When did you first start creating your own works?
Before having kids I painted in watercolors mostly strictly observing and learning to draw. I painted people and cats (largely because they were willing living subjects) for the most part. I had a long break from art while raising the kids. For many years that creative voice in my head was just gone. But once our youngest got in middle school I slowly got back into art. I knew I would eventually try to make a go of it and feel super lucky to have come along now as opposed to thirty years ago when there was no real interest in this kind of art. I think one benefit to starting this late is that I know exactly who I am and what my point of view is. I certainly didn’t have that in my art when I was much younger.
Is there any one subject you like to cover most?
I’ve always painted people. That’s what has always interested me. I’ve always been drawn to spooky or dramatic storytelling or a sense of mystery, wanting to know the back story. There are tons of themes I want to explore. I feel like I’ve just started this career and I’m really excited to explore those directions, but there will almost certainly be living, organic elements in my work.
Who do you consider to be some of the best living artists of our time?
Oh I’d be hard pressed to name names. There’s such a great resurgence in art and illustration right now I couldn’t pick just a few. It’s a really exciting time in art between the talent in the illustration field and the gallery scene and the merging of the two I couldn’t pick.
Your works tends to deal with fantastical themed imagery. Why do you think you are drawn to such things?
It probably stems from an over-active imagination as a kid. I’ve always loved the idea of spirits and magic as well as themes in the natural world. Though I think it’s super important to learn to draw and paint from life models and still lifes, I just love illustrating characters and scenarios.
Do you enjoy offering up a bit of escapism through the images you create?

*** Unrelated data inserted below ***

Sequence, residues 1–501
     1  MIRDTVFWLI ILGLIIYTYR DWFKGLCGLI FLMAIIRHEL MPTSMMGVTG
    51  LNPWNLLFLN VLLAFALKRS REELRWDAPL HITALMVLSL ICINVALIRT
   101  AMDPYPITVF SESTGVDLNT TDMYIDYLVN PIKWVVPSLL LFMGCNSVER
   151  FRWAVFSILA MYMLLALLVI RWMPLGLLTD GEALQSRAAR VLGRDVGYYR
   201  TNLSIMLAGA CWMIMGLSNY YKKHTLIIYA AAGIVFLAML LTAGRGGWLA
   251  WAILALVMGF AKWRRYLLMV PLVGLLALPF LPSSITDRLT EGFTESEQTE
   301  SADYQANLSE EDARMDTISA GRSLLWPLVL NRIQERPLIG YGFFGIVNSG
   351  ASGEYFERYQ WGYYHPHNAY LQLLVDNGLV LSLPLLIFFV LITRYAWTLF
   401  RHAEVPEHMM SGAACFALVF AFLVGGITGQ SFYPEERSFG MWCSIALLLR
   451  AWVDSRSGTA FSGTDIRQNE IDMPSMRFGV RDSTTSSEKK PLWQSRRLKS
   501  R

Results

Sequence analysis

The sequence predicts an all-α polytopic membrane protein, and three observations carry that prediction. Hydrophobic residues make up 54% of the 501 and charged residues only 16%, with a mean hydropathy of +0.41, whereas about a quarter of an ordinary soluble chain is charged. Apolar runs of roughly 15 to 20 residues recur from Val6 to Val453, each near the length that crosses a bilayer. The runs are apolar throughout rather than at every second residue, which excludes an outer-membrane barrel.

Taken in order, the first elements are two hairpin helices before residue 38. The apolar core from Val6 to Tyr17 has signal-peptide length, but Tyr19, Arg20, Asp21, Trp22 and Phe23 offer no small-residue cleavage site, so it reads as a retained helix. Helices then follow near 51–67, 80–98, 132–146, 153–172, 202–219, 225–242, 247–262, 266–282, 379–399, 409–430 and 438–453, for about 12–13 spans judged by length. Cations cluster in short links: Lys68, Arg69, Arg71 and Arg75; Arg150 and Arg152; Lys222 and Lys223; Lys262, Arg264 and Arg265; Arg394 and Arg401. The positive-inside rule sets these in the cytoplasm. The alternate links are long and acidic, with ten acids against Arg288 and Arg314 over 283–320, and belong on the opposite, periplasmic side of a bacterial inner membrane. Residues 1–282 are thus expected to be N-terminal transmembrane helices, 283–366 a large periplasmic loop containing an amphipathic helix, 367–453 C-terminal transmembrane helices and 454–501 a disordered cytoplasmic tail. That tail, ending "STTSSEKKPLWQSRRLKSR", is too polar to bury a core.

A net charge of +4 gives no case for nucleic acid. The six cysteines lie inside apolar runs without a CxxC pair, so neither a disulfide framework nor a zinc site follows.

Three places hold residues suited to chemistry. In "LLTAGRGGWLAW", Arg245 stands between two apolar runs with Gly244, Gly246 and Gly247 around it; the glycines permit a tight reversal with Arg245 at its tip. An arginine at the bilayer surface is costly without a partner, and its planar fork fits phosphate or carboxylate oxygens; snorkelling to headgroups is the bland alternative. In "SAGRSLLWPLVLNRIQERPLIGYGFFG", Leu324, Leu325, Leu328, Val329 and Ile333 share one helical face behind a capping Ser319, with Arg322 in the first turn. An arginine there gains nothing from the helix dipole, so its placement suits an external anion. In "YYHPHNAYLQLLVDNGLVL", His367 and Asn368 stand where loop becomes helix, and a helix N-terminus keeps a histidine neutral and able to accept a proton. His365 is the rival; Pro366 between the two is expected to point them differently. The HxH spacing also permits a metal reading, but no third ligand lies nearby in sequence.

Absolutely. I hope people get that from my work.
Why do you think art has been so important throughout the ages?
I think overall it’s because art is sort of a mirror of human existence. All of our emotions, dreams and experiences are reflected in art through the ages. Without necessarily thinking in these terms while creating it, the art we create is a record of our lives.
Do you ever get nervous showing your work at galleries?
Well this is my first solo show and I feel like I’m jumping off a cliff! You never know if what you’re working on appeals to anyone but you.
Was it difficult balancing art and family when you were raising your family?
It was absolutely impossible for me. That little voice in my head that used to have its own thoughts and ideas grew completely quiet and was replaced with “Mom” thoughts- constantly trying to make sure the kids were where they needed to be, getting all the homework done, friends over, food bought, laundry done, meals cooked, volunteering as art docent in both kids’ classes. I just couldn’t make the switch to trying to get creative for little bits of time in between. However, I wouldn’t trade being a mother for anything in the world. It was the best, most rewarding thing I’ve ever done. We have two fantastically creative sons, and I feel so incredibly lucky to have my family and to now to be able to have a career in art.
Do you have a dream project?
This is as far as I’ve plotted! I feel so fortunate that this early in my career I get to show at my favorite gallery, Roq la Rue here in Seattle. I haven’t even thought beyond it to what I want to do next month. I guess start on the next series and explore some new themes.